Susan Cooper’s Tolkien Lecture

Yesterday I took myself off to Oxford and made use of the fabulous hospitality of Juliet McKenna so that I could attend the 5th annual Tolkien Lecture on Fantasy Literature. This year’s speaker was Susan Cooper, and a very fine job she did too.

Ms. Cooper will be 82 next month, and yet she is very sharp, witty and charming. She began by talking about her own time at Oxford, when there were colleges for men and colleges for women, and the thought of mixing the two would have struck horror into the hearts of the faculty. Having men and women in the same college, she said, seemed like a fantasy. And yet, here we are. Which just goes to show that if you live long enough fantasies can come true.

Cooper was at Oxford when Tolkien and Lewis were on the staff. She never met them, but attended some of their lectures. Lewis boomed; Tolkien muttered except when he was speaking Anglo-Saxon. Alan Garner, Penelope Lively and Diana Wynne-Jones were all students at around the same time. They didn’t know each other, but they all breathed the same academic air.

Professor Tolkien, with the support of Lewis, kept the literature syllabus firmly rooted in the past. 18th century novels were rarely mentioned; the 19th century was pushed far into the margins; and the 20th existed solely in the confused imaginations of students briefly cast out of lectures and needing to survive in the mundane world. They were taught Beowulf, and Arthur, and Shakespeare. They were taught about a world in which dragons existed.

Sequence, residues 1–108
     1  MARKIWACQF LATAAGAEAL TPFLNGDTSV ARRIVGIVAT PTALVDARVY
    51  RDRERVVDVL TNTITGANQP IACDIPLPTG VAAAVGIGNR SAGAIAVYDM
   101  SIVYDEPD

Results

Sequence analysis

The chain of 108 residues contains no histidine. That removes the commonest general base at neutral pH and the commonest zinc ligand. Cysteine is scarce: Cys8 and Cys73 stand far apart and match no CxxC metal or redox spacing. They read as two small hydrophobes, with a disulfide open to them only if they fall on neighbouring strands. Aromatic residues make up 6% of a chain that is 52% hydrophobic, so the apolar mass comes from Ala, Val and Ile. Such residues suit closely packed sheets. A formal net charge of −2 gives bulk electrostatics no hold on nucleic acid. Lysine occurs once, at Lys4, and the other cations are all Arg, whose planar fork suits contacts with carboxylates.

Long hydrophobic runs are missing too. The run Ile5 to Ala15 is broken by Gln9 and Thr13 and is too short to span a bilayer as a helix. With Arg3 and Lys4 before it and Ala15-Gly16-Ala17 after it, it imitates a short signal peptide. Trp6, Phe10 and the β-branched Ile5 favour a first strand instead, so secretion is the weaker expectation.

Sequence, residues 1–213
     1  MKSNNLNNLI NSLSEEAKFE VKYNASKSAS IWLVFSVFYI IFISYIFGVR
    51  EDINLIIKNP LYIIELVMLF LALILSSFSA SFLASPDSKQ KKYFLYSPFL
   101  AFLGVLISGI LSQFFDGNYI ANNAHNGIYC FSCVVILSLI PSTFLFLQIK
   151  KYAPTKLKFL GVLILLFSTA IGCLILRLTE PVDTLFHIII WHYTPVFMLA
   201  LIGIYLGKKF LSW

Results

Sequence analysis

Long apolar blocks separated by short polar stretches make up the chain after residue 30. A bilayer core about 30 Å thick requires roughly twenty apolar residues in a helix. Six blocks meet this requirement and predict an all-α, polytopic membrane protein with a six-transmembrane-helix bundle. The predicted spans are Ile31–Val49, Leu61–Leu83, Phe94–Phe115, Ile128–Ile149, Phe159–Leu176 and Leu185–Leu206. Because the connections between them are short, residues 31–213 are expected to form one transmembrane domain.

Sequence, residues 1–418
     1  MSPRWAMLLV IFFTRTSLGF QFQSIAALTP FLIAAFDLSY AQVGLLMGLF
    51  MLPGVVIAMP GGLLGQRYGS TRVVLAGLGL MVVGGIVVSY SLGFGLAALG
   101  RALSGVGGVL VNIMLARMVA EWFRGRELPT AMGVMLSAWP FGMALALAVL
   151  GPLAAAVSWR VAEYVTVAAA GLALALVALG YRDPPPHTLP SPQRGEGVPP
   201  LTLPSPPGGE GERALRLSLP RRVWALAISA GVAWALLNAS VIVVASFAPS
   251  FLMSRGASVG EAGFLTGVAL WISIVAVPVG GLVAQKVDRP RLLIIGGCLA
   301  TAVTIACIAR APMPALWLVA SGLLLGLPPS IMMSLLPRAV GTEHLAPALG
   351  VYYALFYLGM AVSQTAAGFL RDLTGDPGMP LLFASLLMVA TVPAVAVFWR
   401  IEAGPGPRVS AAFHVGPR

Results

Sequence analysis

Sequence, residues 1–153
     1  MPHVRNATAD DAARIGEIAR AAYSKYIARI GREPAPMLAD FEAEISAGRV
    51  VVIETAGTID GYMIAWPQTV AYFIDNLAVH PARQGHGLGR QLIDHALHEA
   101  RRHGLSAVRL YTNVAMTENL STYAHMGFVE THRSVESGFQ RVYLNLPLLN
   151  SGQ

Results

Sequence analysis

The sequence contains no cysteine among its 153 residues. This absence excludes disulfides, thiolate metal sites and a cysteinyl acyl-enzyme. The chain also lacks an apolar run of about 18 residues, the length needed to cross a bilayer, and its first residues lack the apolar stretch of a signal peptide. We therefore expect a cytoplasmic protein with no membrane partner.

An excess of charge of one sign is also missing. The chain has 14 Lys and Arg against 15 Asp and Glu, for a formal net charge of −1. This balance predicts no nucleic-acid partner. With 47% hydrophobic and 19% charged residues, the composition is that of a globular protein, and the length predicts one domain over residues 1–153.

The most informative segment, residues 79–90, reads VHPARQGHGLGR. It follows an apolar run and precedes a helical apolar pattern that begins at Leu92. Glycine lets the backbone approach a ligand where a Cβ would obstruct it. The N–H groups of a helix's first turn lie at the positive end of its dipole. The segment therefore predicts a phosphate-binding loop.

All of this, of course, had been very real long before the students reached Oxford. This was the generation that spent its evenings huddled in air raid shelters listening to the sky crashing down around them, consuming the night with flame. Their childhood was a very literal battle between good and evil.

They were also, as Farah Mendlesohn noted during the Q&A at the end, children of winter. The period immediately after WWII saw some of the worst winters that England has suffered since good meteorological records began. This too found its way into their fiction.

Cooper articulated all of this in a focused and engaging fashion. The talk was filmed, so you should all be able to enjoy it sometime next week. I’ll embed the video once it turns up on YouTube. My thanks to the folks at Pembroke College for putting on a fine event, and especially for the Second Dessert and port.

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